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Capital Markets

Debt Ceiling MMF Impact?

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August 25, 2017

Though past debt ceiling dust ups have been resolved, an unpredictable president adds new concerns for investors.

Tragedy and comedyOver the past 18 months government institutional money market funds saw their popularity soar after new regulations shackled prime institutional funds with a host of unpalatable rules. But as a debt-ceiling deadline looms, it could be government funds that start to lose favor.

The debate over the debt ceiling has become almost a fall ritual, but this time an unpredictable president has investors worried. Will this time be more than the usual Kabuki dance? Will Congress raise the US Treasury’s borrowing authority in time? If not, will the US default on its debt, bringing on downgrades and surging interest rates?

JPMorgan for one thinks ultimately a default is unlikely. “[P]rior debt ceiling debates have never resulted in a technical default, and we do not think it is likely to occur,” the bank said in a Q&A on its website.
And if there were a technical default it might not mean much at first. “Ultimately,” JPMorgan said, “we believe these funds would not be forced to liquidate Treasury securities in a technical default.” However, “the concentration of short-term Treasury exposure in Treasury MMFs suggests these funds are the most susceptible to default-driven shareholder liquidation.” And since Treasury MMF investors “tend to be ultraconservative, liquidation pressure could increase as a potential default grows closer.”

Not that they would be required to liquidate in a default, says JPMorgan: “Neither Rule 2a-7, nor any of the criteria governing rated funds’ investments explicitly requires immediate liquidation upon default. The decision to sell-or-hold would most likely be left to the discretion of the boards of directors of individual funds. In the case of a solvent, high-quality government issuer facing a temporary payment delay, we believe few fund boards would choose to liquidate defaulted securities at distressed levels. Likewise, fund ratings criteria include provisions giving managers reasonable cure periods for dealing with defaulted securities.”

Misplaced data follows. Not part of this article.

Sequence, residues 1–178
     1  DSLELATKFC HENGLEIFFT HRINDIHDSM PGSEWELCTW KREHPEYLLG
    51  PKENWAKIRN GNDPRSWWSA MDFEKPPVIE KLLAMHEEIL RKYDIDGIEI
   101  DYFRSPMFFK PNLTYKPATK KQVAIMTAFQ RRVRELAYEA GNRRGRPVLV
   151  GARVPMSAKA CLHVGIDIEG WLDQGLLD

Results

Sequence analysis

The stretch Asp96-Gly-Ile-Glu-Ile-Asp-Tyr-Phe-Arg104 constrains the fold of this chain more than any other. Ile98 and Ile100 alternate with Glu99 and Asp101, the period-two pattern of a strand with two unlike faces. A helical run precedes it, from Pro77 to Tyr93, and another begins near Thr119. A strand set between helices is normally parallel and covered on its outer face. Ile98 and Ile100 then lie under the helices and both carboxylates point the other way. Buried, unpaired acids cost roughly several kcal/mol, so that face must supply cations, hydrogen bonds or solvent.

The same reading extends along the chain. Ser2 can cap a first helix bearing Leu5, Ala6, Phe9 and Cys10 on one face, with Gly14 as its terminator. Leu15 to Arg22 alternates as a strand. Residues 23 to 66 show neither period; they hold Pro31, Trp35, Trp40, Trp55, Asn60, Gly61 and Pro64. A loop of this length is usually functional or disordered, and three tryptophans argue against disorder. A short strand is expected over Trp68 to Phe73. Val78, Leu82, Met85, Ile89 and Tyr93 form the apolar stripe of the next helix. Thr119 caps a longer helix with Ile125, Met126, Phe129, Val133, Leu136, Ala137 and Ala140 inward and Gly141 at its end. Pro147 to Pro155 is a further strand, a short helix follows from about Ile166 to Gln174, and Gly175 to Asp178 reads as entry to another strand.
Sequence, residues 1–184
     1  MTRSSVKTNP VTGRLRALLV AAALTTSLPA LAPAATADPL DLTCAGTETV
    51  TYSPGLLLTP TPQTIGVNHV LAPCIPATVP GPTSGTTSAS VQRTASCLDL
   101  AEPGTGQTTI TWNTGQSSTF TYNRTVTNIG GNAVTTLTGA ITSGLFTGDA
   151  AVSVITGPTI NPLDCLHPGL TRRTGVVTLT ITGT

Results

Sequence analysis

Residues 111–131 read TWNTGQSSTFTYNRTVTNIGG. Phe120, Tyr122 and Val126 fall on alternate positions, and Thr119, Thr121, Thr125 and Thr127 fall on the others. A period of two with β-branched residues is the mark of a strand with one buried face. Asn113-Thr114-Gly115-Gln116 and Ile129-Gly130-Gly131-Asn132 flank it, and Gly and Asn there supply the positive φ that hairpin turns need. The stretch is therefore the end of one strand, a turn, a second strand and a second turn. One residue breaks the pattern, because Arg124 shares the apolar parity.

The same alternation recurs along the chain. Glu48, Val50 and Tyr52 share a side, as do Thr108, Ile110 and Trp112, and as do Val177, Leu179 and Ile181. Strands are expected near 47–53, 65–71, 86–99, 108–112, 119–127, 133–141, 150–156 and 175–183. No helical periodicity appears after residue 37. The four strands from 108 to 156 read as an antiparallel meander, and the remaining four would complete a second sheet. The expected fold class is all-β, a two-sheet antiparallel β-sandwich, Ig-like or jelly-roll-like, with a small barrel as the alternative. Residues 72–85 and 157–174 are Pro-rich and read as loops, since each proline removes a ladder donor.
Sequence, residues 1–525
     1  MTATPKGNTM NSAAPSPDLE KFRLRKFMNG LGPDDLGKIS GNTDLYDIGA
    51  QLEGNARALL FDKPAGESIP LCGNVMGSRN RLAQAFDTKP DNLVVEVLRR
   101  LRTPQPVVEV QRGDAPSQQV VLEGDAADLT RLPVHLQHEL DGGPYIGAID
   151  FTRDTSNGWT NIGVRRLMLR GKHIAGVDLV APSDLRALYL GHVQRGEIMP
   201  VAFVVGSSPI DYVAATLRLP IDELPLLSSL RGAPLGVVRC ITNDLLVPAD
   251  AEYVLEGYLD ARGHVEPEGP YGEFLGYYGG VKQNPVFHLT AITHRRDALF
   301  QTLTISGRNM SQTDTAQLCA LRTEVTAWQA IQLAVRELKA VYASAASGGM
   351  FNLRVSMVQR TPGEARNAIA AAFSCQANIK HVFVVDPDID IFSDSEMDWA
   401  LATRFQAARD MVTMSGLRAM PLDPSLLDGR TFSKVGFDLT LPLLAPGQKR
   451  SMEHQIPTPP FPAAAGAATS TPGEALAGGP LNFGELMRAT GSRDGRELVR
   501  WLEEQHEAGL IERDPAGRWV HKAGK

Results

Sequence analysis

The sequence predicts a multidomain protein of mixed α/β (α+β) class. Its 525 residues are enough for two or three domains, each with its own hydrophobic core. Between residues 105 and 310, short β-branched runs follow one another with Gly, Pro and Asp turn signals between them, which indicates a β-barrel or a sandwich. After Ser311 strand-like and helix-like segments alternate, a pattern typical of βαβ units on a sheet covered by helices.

Nonetheless, money market fund investors should be at least wary of what may happen should a default occur. Frank Bonanno, managing director at StoneCastle Partners, agrees that funds wouldn’t be forced to liquidate in the event of a technical default, but any lengthy standoff between congress and the president could spook investors, inducing them to sell. And while many treasurers are staying put for now, he said there has been a shift out of government funds and into other products like bank deposits and structure bank deposits. Products like StoneCastle’s structured deposit, the Federally Insured Cash Account program or FICA, have seen a surge in usage in 2017.

The reason for the popularity of these products at this time is that they’re not pooled, Mr. Bonnano observes. “They’re not like money market funds where big outflows could spook everyone else,” he says.

But if investors are worried, they’re not showing it yet. The Investment Company Institute reported this week that total money market fund assets rose nearly $30 billion to $2.7 trillion for the week ended Wednesday, August 23. This is the fifth week in a row that total MMF assets have risen and the 10th week in a row for prime MMFs.

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